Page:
New Clause 19 — Capital receipts from disposal of housing land

Part of Road Safety – in the House of Commons at 4:00 pm on 18th May 2011.

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Photo of Andrew Stunell Andrew Stunell The Parliamentary Under-Secretary for Communities and Local Government 4:00 pm, 18th May 2011

Yes. It is important that we review the guidance—I just said that we should do so—and it would be an unusual local authority that disregarded it. I undertake to reflect further on the best way forward, and I hope that my hon. Friends and the hon. Gentleman feel that that is a step forward which allows them not to press their amendments today.

My hon. Friend Mr Leech has tabled new clause 26, which relates to a specific situation for fully mutual housing co-operatives.

By a quirk of the legislation, they are caught by the houses in multiple occupation requirement for licensing and, sometimes, planning permission. The Department has been lobbied by the Friendly Housing Action campaign group to secure an exemption for fully mutual housing co-operatives, and I am very sympathetic to the campaign, as such organisations were never intended to be caught by the licensing provisions.

We have to be careful to ensure that in granting an exemption we do not inadvertently allow other categories to slip through the loophole, so I am asking for further advice on how we might achieve that. I hope to return to the issue at a later stage, so I hope that my hon. Friends will not feel the need to press new clause 26 to a Division.

I thank Alison Seabeck for new clauses 25 and 24, which she and her hon. Friends have tabled. They both relate to cases in which courts made decisions that the common-sense man would not have expected. New clause 25 refers to a situation in which the housing allocation scheme was perverted—I think that is the right word—by an officer, and consequently the courts decided that, because of the nature of the current legislation, it was not possible to recover the properties that had been misallocated. I am certainly minded to take some steps in the right direction. The Secretary of State for Communities and Local Government recently launched a 10-point plan for tackling council fraud, and that included vetting staff. I hope that that means that it is very unlikely that the situation will recur, but we are going to look at how we might move forward. On a rather significant technical point, the place where Opposition Members have chosen to insert the words means that the provision would apply only to Wales; I suspect that that is not what they really meant to do.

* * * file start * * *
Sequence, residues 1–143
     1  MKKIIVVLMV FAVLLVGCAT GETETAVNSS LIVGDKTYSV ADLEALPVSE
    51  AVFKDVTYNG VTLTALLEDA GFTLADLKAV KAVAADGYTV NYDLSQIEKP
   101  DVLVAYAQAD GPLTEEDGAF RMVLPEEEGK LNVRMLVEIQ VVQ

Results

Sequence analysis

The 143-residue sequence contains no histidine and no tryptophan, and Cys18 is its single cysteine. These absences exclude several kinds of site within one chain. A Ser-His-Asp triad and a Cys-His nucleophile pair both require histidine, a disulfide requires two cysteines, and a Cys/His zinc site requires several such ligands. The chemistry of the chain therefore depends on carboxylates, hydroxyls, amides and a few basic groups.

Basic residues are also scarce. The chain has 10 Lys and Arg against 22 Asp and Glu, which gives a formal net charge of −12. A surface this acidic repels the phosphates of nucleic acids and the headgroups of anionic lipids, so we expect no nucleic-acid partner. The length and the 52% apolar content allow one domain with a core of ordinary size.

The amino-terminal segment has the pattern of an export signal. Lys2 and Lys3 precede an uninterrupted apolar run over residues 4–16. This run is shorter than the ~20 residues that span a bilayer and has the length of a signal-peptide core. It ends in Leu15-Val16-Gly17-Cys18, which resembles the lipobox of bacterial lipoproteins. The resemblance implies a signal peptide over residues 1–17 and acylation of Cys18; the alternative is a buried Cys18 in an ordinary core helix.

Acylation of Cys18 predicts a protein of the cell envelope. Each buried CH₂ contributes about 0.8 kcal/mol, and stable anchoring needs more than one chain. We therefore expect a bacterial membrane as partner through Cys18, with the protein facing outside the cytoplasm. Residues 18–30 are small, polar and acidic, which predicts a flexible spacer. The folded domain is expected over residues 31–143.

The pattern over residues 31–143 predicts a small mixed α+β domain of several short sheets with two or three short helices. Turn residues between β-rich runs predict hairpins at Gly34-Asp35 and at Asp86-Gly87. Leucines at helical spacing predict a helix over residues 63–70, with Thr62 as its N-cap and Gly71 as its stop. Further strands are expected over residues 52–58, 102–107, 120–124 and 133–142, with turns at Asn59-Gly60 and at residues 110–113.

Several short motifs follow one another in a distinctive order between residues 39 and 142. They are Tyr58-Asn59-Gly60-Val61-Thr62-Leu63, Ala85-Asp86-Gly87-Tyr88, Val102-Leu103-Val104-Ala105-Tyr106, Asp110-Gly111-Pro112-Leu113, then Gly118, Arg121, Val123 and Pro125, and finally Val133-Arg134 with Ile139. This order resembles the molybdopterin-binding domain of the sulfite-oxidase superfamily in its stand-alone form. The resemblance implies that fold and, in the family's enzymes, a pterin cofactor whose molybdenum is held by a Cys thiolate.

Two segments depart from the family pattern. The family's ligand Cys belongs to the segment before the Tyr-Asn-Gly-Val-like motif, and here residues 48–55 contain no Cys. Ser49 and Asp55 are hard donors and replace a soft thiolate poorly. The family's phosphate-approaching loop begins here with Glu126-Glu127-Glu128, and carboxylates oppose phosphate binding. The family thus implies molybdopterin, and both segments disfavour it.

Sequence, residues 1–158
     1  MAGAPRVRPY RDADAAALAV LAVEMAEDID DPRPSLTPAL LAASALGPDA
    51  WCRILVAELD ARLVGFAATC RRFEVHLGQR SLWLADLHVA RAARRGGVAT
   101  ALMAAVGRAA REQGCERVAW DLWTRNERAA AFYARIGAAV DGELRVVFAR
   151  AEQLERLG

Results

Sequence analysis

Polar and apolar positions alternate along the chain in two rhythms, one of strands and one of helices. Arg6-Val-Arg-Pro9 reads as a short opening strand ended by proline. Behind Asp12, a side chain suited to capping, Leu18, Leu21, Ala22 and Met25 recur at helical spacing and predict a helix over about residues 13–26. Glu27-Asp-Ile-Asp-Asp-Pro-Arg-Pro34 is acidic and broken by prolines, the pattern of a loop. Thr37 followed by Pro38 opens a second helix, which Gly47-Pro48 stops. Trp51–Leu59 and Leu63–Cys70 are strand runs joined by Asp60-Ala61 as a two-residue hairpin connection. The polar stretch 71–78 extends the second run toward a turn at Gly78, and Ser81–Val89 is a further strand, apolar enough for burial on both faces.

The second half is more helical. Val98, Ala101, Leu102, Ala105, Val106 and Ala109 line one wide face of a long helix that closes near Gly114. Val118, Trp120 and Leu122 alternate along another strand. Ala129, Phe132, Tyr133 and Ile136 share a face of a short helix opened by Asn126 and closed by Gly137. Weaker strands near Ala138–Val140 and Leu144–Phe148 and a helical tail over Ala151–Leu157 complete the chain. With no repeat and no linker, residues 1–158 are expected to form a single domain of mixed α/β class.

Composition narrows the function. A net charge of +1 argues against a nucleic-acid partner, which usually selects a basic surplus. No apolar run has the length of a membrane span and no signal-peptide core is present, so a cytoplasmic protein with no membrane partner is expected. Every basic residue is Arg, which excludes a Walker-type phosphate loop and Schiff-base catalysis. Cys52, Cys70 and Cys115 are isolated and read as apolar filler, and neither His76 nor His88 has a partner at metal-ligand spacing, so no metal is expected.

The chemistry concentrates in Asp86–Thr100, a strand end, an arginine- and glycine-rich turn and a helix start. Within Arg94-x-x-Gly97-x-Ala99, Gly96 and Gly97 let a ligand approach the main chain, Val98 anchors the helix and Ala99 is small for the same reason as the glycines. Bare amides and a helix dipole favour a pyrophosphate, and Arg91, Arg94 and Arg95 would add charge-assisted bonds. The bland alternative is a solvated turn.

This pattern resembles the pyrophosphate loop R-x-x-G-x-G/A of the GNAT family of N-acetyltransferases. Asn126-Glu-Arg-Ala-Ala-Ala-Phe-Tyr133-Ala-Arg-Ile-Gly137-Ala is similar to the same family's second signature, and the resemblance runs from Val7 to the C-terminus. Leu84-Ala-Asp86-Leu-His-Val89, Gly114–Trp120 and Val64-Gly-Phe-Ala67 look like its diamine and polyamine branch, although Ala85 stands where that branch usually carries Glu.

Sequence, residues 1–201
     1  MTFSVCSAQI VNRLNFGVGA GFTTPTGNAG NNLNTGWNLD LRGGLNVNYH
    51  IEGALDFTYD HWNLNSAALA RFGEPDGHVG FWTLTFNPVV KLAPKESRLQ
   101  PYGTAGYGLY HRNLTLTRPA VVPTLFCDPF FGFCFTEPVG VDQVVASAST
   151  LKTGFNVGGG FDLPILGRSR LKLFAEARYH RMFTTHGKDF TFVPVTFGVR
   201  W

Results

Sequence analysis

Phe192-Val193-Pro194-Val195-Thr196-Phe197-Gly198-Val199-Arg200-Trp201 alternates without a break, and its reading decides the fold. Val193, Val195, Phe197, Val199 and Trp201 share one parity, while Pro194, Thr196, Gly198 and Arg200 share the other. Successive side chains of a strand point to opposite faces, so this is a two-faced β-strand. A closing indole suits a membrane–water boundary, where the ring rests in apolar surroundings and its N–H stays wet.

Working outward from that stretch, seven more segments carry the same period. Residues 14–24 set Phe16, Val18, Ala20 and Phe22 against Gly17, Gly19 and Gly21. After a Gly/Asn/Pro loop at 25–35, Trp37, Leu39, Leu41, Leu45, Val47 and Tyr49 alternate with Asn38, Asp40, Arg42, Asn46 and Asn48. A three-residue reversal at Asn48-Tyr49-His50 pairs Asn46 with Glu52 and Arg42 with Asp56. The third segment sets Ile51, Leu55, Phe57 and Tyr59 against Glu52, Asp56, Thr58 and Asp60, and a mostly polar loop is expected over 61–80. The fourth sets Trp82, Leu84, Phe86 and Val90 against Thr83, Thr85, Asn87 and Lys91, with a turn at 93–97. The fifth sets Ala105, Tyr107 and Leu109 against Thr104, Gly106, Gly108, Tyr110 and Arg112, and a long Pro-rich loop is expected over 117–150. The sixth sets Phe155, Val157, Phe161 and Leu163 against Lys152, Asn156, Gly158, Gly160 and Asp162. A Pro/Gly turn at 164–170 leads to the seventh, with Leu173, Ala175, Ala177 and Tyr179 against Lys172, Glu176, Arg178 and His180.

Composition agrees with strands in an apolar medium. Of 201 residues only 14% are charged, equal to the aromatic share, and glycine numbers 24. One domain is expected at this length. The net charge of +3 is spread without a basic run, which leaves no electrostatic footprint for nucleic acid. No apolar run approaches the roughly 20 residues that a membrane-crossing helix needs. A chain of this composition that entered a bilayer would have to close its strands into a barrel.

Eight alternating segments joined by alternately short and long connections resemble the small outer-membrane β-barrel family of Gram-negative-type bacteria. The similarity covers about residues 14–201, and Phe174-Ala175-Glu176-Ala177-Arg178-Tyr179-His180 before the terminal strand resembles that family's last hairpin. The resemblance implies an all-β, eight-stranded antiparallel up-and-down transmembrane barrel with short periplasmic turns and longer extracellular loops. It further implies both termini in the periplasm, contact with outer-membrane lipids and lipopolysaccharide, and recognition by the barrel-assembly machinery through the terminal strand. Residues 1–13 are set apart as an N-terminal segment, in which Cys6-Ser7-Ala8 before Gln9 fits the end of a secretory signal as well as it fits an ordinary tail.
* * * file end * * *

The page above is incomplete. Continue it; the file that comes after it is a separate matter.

New clause 24 deals with a situation where a death was concealed at the transfer of a tenancy and therefore a vital time line was missed and it then proved impossible to correct that. The new clause changes the time limit restrictions so that when a local authority seeks to repossess a property, the date at which it became aware of the change in circumstances, rather than the actual date of the circumstances, will be relevant. I fully accept the point drawn to our attention. We will explore the issue in more detail and talk to various local authorities and representative bodies with a view to tabling a Government amendment in the other place. I hope that the hon. Lady feels that that is a helpful way for us to proceed.

I cannot be so consensual on other amendments tabled by the Opposition. I do not want to detain the House unduly, but I must say that we have a considerable mixture of amendments of one type or another, to which I will perhaps respond in my final 16 seconds, if that is how it turns out. Some of them are direct negatives of our proposals in the Bill, some are wrecking amendments to one degree or another, and some are quite seductive in their tone, if not their impact. Several of them duplicate safeguards that are already in the Bill or even in legislation as it has stood for some time.

Some of the amendments seem to be based on an Opposition view that social landlords are even worse than they think private landlords are, with their principal business being to get people out of their homes as quickly as possible. Of course, that is not the primary purpose or intention of social landlords, which is to provide suitable accommodation for those who need it, as will continue to be the situation in future. Other amendments seem to be more about whipping up misunderstanding among vulnerable families than about making a contribution towards solving the heartrending problems of homelessness.

I urge hon. Friends and other Members to support the Government’s sensible and thoughtful proposals and to reject the many temptations offered by the Opposition.